Now DS graduated qualifying for the National Honor Society and is smart, works hard and is a good kid. But......4 years of school will be a couple hundred grand and I know he wants to go on to get a PHD. It's my understanding the IVY Leage colleges are even more expensive. I have and make just enough that we dont qualify for student aid but the good news is that I've been putting away college money from the day he was born. Still, I never thought it would be so expensive so we'll enjoy fewer new cars, less expensive dinners and vacations for a while. I don'[t know what I would do if I had 3 or 4 kids all wanting the same type of education. I think he'll qualify for stipends when he works on an advanced degree.....or, so I've been told. He is so smart he's received a paid intership this summer at a local University.....the Professor validated our decision to send him out of State for a quality education. In closing, I'm lucky to have been financially able to help....it would hurt if I couldn't provide him with the education he deserves based on how hard he worked in High School.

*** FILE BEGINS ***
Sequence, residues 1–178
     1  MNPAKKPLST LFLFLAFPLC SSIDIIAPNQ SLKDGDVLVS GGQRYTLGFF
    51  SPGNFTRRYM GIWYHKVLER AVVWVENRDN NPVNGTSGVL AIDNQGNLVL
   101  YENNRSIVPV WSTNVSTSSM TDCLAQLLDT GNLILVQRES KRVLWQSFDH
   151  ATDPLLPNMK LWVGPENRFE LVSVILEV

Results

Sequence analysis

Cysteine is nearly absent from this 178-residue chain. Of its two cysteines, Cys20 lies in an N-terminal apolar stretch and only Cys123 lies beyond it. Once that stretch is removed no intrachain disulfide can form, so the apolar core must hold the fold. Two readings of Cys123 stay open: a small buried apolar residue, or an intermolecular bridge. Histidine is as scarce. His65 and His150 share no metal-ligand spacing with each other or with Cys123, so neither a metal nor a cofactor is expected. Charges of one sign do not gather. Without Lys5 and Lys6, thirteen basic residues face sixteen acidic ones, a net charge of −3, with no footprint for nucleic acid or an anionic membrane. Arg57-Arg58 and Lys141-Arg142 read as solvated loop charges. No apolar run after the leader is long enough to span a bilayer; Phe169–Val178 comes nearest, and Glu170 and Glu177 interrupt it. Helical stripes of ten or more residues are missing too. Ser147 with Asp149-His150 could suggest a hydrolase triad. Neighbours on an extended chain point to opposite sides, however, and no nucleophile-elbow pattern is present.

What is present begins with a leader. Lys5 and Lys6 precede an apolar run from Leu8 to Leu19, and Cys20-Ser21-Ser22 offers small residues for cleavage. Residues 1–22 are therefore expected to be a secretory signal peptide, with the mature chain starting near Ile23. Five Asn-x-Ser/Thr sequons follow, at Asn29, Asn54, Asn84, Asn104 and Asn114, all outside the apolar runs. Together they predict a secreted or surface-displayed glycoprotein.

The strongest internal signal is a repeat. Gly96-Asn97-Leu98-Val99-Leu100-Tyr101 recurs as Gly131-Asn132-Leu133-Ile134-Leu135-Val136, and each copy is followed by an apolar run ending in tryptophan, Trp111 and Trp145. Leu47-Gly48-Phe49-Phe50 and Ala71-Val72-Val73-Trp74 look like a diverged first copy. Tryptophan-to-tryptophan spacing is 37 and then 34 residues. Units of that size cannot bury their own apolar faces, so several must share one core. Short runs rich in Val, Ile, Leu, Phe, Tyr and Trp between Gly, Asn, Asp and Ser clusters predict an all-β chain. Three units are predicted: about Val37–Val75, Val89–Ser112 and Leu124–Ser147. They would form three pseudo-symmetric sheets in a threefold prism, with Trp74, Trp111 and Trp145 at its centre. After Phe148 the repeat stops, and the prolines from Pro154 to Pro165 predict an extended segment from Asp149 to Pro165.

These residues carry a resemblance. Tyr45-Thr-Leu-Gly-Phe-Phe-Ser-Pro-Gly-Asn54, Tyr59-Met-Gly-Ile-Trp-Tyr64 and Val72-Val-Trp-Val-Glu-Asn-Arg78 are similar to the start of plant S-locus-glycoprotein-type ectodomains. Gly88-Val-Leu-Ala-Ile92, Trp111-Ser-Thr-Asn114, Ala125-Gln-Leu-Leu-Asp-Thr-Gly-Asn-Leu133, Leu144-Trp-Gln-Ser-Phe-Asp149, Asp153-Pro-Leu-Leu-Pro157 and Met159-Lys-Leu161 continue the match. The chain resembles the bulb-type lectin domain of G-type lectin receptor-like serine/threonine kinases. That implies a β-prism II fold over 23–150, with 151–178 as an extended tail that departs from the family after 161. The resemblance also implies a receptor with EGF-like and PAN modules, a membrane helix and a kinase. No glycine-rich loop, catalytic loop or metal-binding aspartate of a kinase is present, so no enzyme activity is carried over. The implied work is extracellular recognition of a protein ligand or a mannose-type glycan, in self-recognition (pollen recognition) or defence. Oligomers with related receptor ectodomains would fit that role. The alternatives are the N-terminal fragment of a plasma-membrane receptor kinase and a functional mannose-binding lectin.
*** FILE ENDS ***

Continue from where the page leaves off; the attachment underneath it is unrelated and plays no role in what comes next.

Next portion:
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Old 06-02-2014, 11:40 PM   #46
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Well, around here, I think you would be wrong. At the CCs DS attended they had courses of study for those planning to transfer into engineering. It is laid out very clearly what courses transfer and you can look up the in-state school you plan to transfer to and see what the course will transfer as.
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Many were disappointed since the engineering program has specific requirements like "calculus for engineers", "physics for engineers", etc. They were beefed up harder classes that the engineering school required for engineering majors to pass with a C or better to matriculate into a designated engineering curriculum.
I guess I should have known the answer would be it depends on the state/school. But it is still useful to see the specifics so thanks for the information.

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Whether the CC route is a good idea depends greatly on the child's committment to a major. If you want to be an engineer or scientist, it is a waste of time. First, those majors don't necessarily spend a lot of time on "common" courses. Further, they require a great deal of lab work even early in the college experience and CCs don't usually have that available to the degree needed.